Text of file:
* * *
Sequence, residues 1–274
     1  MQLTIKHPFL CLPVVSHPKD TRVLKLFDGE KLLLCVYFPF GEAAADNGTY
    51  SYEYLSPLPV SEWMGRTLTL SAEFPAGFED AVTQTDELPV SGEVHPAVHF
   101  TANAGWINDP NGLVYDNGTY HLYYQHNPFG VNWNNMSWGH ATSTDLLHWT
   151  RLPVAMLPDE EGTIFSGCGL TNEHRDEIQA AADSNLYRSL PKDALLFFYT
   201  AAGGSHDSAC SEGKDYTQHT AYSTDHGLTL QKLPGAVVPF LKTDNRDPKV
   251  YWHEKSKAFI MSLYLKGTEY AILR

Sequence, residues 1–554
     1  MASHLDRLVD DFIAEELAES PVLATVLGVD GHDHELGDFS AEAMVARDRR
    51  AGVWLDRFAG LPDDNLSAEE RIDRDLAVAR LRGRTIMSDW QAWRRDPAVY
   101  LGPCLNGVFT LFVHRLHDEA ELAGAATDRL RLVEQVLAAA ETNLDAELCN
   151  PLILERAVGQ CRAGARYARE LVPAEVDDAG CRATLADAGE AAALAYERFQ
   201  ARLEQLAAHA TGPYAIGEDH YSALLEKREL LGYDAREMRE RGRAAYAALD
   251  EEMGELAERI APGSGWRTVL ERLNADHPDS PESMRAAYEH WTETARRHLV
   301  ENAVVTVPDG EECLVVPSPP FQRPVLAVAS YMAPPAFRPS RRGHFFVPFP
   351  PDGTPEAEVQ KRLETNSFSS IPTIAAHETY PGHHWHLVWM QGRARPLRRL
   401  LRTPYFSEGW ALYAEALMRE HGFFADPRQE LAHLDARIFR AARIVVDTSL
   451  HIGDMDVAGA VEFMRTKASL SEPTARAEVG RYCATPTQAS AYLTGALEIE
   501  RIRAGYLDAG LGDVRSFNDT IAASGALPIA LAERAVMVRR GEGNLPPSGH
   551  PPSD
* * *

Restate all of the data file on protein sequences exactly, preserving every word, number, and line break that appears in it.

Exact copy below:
Sequence, residues 1–274
     1  MQLTIKHPFL CLPVVSHPKD TRVLKLFDGE KLLLCVYFPF GEAAADNGTY
    51  SYEYLSPLPV SEWMGRTLTL SAEFPAGFED AVTQTDELPV SGEVHPAVHF
   101  TANAGWINDP NGLVYDNGTY HLYYQHNPFG VNWNNMSWGH ATSTDLLHWT
   151  RLPVAMLPDE EGTIFSGCGL TNEHRDEIQA AADSNLYRSL PKDALLFFYT
   201  AAGGSHDSAC SEGKDYTQHT AYSTDHGLTL QKLPGAVVPF LKTDNRDPKV
   251  YWHEKSKAFI MSLYLKGTEY AILR

Sequence, residues 1–554
     1  MASHLDRLVD DFIAEELAES PVLATVLGVD GHDHELGDFS AEAMVARDRR
    51  AGVWLDRFAG LPDDNLSAEE RIDRDLAVAR LRGRTIMSDW QAWRRDPAVY
   101  LGPCLNGVFT LFVHRLHDEA ELAGAATDRL RLVEQVLAAA ETNLDAELCN
   151  PLILERAVGQ CRAGARYARE LVPAEVDDAG CRATLADAGE AAALAYERFQ
   201  ARLEQLAAHA TGPYAIGEDH YSALLEKREL LGYDAREMRE RGRAAYAALD
   251  EEMGELAERI APGSGWRTVL ERLNADHPDS PESMRAAYEH WTETARRHLV
   301  ENAVVTVPDG EECLVVPSPP FQRPVLAVAS YMAPPAFRPS RRGHFFVPFP
   351  PDGTPEAEVQ KRLETNSFSS IPTIAAHETY PGHHWHLVWM QGRARPLRRL
   401  LRTPYFSEGW ALYAEALMRE HGFFADPRQE LAHLDARIFR AARIVVDTSL
   451  HIGDMDVAGA VEFMRTKASL SEPTARAEVG RYCATPTQAS AYLTGALEIE
   501  RIRAGYLDAG LGDVRSFNDT IAASGALPIA LAERAVMVRR GEGNLPPSGH
   551  PPSD